Case Colt Ingersoll Tractors banner

Leak Down Tests

2740 Views 6 Replies 4 Participants Last post by  robynrj

There's been a lot of posts that I've read over the time that says: Do a leakdown Test and get back to us.

I don't recall a reply other than a comment about being in the green zone.

I know that there are a variety of testers on the market that have different markings on the gauge.

My question is what is a decent reading in PSI ?


1 - 7 of 7 Posts
There's been a lot of posts that I've read over the time that says: Do a leakdown Test and get back to us.

Compression test tell you how high compression will go hopefully 90 psi are above is good after 120 psi and above there can be problem valve train like compression release this is notice when reading around 160 are above.

Leakdown test to see how well engine hold pressure by using aircompressor leakdown tool have orfis so incoming air be about same as normal ring gap leakby.

Two gauges one measure incoming air pressure other how much leak off the persent shouldbe no more than 30% off incoming air you hear are see a leak above 20% like coming out muffler that exhaust valve coming in carb that intake valve leaking are from head gasket leak to outside are bubbles in coolant if water cooled. Crankcase venting to much air ring or piston leaking.

0 to 20 % give you life range for engine like 18% you got one more season with that engine then overhaul are trade time.

I use compression testor and 3 of my 5 sences to tell me how read parts on teardown. Leakdown test just reverse of compression test so why not use faster compression tester.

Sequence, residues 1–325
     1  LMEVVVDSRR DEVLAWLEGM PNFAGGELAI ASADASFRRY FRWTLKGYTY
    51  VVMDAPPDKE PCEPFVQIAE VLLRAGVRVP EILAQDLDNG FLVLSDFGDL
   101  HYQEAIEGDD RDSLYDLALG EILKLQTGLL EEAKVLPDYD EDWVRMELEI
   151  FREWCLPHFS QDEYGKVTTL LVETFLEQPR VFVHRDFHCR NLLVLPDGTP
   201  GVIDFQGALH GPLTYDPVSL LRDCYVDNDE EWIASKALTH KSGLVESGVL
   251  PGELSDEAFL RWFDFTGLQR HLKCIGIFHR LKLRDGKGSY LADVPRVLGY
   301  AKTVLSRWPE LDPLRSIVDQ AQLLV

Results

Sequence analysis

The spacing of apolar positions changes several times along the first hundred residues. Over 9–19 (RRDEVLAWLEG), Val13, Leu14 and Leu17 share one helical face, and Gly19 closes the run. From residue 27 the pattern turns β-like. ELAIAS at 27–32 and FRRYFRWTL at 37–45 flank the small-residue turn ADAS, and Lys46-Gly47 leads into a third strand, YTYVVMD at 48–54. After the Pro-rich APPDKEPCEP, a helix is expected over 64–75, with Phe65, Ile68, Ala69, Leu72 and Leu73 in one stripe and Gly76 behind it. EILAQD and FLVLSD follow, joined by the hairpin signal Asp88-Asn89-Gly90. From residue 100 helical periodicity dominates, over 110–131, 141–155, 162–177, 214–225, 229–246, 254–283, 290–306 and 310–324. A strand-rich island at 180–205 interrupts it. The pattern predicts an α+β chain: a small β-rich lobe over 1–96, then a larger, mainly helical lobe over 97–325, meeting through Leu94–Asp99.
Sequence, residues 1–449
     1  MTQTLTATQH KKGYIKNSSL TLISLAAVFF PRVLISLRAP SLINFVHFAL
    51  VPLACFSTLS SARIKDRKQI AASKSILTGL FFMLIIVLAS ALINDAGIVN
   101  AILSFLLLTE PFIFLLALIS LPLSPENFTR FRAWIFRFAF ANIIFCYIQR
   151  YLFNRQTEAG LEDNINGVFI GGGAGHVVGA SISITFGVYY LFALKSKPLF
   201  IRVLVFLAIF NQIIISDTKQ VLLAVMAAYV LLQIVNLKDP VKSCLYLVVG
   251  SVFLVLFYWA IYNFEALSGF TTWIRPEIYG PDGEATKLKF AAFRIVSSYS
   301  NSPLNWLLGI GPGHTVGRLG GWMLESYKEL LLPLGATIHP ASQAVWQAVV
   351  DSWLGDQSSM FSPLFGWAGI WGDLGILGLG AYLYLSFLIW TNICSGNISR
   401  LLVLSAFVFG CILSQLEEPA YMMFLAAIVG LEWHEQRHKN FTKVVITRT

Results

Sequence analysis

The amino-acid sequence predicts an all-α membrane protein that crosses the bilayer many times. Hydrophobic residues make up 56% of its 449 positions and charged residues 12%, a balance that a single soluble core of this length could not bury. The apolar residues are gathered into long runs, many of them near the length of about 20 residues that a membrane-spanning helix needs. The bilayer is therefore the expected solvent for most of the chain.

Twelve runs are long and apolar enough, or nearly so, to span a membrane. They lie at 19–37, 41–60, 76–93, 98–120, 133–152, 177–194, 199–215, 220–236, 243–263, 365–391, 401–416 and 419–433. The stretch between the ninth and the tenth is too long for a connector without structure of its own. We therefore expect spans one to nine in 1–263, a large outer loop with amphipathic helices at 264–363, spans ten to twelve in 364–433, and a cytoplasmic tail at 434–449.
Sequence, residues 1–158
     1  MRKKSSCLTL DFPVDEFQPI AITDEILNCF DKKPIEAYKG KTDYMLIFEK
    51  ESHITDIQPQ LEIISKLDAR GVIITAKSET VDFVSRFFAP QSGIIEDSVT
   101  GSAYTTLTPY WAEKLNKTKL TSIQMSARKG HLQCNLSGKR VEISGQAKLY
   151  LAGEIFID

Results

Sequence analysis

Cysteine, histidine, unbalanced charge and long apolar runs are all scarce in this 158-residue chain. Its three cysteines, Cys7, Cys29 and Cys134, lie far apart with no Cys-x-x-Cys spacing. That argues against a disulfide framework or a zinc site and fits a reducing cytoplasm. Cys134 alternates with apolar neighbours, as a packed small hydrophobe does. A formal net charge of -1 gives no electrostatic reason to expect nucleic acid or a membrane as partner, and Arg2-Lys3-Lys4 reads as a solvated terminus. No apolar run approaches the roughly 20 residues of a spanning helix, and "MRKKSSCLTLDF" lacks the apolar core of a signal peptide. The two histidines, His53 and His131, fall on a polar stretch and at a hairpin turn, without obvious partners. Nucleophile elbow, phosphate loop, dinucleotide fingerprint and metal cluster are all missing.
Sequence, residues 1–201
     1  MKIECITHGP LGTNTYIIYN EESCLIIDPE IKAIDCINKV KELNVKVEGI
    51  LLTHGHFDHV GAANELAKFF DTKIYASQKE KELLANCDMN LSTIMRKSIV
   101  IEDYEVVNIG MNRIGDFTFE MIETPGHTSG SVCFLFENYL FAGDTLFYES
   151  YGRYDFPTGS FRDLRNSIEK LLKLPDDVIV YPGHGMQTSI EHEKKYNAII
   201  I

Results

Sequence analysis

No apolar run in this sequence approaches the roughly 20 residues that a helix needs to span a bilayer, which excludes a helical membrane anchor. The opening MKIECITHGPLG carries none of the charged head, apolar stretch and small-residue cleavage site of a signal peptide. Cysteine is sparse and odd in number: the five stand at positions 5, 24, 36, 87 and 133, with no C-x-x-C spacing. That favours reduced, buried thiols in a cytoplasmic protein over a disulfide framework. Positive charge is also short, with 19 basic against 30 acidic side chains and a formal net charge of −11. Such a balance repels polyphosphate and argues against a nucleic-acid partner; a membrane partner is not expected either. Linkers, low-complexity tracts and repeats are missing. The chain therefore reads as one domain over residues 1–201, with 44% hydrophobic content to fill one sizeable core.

Which leakdown tester to buy start out one harbour freight unless in engine rebuilting business then get one with better guages and valves so be lifer. If do warranty work you need leakdown tester if don't you don't.

Some people helping other on internet beenfit with leakdown test report. Greem zone is 0 to 20%
See less See more

Wow are my numbers out

I built my own with the help of an article which I have since never found.

I built a tester with a 0.040 orifice and two calibrated 160# gauges.

I run 100 psi( Some say 60 works ) and I got a reading of 86 psi and could hear leaks at both valves. I put a 1" plug in the exhaust and got a reading of 90 so I built a plate for the intake and that gave me a reading of 92.

So I got 8 % if I can lap the valves tight. Maybe valves leak a little and I end up with 10 % leakage.

Compression is 135

Maybe the testers orifice is to big. :)

It's a K321AS from a 224-79

Thanks Gator

See less See more
While a compression gauge reading maybe faster, if low, what do you know? Low compression!! Add little oil to cyl and if increases its ring issue. Using leakdown you know if going by rings or intake/exhaust valves...or head gasket. A 15% just tells you your lossing power and will continue lossing till it affects you early warning. You may run for years like that....depends on maintence, amount used etc. Should be tested with 90+ it sees during compression stroke. So, thou it may take couple minutes longer, you know issue. If calling B/S/Kohler/Kaw etc factory on oil use, power issue, you better have leakdown, not compression reading. Bob M
I have to agree with Bob on this one I went thru a 2 year marine and small engine school ans they don't even have a ompression tester on the tool list but we used leak downs everyday so now I use it on every thing really helps you pinpoint where the problem really is
Thanks Guys

Looking like my 321 is good for awhile. :)

What % would a brand new K-321AS be expected to have? Would the valves seal 100% ?

A brand new K has been run at the factory 10-20 mins. so I'd expect 5-10% leak could be possible.... valves tight but rings not. After 50+ hrs I'd expect under 5%. This would be most small engines really. Bob M
1 - 7 of 7 Posts
This is an older thread, you may not receive a response, and could be reviving an old thread. Please consider creating a new thread.